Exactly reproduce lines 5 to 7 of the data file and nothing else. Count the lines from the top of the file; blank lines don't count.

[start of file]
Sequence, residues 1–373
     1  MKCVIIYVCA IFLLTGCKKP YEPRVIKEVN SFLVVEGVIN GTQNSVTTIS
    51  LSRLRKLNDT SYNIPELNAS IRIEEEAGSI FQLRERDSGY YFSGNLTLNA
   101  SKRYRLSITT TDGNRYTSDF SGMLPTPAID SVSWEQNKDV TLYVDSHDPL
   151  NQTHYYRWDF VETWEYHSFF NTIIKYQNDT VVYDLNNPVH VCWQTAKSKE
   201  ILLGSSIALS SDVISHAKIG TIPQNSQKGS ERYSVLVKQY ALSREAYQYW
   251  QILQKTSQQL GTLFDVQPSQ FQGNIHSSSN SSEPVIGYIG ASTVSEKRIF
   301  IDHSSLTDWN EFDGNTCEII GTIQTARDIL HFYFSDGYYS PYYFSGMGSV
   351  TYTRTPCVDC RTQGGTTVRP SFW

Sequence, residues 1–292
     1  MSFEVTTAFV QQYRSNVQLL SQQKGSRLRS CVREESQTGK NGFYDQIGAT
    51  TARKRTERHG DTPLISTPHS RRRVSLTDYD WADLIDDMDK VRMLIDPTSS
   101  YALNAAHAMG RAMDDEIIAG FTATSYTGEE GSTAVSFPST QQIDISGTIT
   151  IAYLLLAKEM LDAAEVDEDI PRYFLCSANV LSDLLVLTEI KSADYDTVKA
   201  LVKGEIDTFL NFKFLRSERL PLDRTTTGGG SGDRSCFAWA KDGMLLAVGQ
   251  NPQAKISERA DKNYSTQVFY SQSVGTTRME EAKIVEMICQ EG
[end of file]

   151  NQTHYYRWDF VETWEYHSFF NTIIKYQNDT VVYDLNNPVH VCWQTAKSKE
   201  ILLGSSIALS SDVISHAKIG TIPQNSQKGS ERYSVLVKQY ALSREAYQYW
   251  QILQKTSQQL GTLFDVQPSQ FQGNIHSSSN SSEPVIGYIG ASTVSEKRIF